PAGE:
An analysis of an ideal society in harrison bergeron by kurt vonnegut

This is due to a series of amendments to the Constitution, and to the vigilance of the United States Handicapper General. This is not the only area where competition will disappear.

Active Themes George, who had left the living room to get a beer, returns to find Hazel in tears, but Hazel cannot remember why she is crying.

She shoots Harrison and the ballerina, who die before they hit the ground. The live execution is an effective way of showing viewers what will happen to those who dare to disobey the law. It is the exceptional people who improve society—the nonconformists, the dreamers, the different. It is unnatural to distribute wealth and power equally, he suggests, and it is only by literally handicapping the best and brightest citizens that the misguided goal of equal distribution can be attained.

Through the story one might infer that Vonnegut views the concept of total equality as ludicrous. The price of products will continually increase while the quality of the products continues to diminish without competition. The insistence on total equality seeps into the citizens, who begin to dumb themselves down or hide their special attributes.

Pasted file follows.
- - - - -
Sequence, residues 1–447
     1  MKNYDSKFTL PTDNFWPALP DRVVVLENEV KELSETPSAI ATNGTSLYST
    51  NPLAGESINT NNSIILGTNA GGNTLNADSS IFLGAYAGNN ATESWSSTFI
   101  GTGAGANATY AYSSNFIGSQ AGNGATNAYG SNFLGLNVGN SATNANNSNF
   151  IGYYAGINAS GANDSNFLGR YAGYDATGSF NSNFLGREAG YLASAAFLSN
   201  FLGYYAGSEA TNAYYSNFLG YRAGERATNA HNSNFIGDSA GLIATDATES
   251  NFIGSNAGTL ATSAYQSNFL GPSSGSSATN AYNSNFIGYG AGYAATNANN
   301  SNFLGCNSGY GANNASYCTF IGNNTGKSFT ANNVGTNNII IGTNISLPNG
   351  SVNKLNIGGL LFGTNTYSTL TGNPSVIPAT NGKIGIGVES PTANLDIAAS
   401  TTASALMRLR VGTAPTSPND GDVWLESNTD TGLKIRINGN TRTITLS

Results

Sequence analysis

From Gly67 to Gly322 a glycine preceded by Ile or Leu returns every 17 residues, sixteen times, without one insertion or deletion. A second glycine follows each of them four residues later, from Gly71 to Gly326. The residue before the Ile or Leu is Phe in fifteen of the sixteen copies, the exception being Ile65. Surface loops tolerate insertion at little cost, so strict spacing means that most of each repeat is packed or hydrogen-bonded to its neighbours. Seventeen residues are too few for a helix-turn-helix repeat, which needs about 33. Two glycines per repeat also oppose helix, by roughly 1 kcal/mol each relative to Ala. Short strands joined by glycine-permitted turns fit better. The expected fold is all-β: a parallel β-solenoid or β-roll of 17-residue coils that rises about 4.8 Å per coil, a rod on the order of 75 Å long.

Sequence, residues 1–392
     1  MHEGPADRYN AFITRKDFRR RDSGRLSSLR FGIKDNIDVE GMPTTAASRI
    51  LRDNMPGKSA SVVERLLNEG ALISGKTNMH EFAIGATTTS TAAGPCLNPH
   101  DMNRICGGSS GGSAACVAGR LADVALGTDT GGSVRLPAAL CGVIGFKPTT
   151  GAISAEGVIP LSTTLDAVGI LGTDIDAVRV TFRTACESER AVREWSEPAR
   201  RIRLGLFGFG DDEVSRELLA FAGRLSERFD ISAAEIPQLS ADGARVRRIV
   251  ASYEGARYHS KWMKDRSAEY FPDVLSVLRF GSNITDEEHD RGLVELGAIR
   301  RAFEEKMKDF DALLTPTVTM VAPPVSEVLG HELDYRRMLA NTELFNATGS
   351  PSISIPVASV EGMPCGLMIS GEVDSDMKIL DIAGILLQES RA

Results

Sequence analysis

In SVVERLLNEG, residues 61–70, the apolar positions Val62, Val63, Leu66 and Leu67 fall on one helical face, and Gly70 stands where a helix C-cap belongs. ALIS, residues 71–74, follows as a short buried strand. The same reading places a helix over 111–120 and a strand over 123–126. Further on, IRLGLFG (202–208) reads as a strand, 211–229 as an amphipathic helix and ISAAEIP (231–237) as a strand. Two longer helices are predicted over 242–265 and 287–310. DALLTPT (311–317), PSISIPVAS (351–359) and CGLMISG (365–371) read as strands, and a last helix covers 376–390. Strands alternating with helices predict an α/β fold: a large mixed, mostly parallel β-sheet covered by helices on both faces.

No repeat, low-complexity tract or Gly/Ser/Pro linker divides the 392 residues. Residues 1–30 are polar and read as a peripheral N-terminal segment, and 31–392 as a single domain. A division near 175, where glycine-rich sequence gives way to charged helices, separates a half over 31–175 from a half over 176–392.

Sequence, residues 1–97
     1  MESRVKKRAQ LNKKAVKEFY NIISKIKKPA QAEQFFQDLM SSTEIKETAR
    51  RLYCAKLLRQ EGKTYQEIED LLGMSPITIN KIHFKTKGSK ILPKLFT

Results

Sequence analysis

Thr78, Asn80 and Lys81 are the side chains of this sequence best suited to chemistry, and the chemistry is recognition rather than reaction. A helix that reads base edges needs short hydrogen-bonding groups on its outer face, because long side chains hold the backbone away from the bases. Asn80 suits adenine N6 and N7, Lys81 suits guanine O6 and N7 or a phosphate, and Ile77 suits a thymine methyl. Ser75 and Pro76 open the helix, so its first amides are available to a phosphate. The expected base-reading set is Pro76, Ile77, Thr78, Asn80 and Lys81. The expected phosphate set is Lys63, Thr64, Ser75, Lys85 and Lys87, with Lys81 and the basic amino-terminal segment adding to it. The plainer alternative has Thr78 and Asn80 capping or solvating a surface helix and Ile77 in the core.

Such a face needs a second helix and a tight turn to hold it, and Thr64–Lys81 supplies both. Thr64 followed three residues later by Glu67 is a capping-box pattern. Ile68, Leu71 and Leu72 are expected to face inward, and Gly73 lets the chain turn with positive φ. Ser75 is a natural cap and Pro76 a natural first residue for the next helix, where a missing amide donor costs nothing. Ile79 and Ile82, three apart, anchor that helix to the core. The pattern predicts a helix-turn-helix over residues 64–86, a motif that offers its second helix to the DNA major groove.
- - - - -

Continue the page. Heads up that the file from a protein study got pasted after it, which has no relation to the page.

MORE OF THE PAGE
If the goal of equality is taken to its logical conclusion, we may decide that people must be forced to be equal to one another in their appearance, behavior, and achievements. He used satire in attempt to reform the belief that the perfect society can be obtained.

The superb athletes would not be able to display their abilities because they were weighed down by sash-weights and bags of birdshot. I completely agree with Mr. Among these handicaps, Harrison wears large earphones and blinding glasses as mental handicaps, costume makeup and a red rubber nose to offset his handsome looks, and over pounds worth of physical handicap devices.

In other words, George and Hazel seem to have been brainwashed. Try to picture Barry Sanders attempting to run through a hole in the offensive line while wearing sixty pounds of weights around his neck.

On paper such a society seems ideal. They kiss the ceiling and then each other, all while floating in thin air. Thus eliminating sports altogether.

That was a doozy! She then instructs the musicians to put their handicaps back on or face a similar fate. It would be difficult to commute to school or work. It would be impossible. The formation of these monopolies brings the nation one step closer to communism.

The outcome of this quest for equality is disastrous. As George reacts to the invasive noises, two of the ballerinas onstage simultaneously wince.

Technology would come to a standstill with the gifted not being able to finish a complete thought because of the sharp sounds produced by the mental handicaps. America becomes a land of cowed, stupid, slow people.

Harrison Bergeron Themes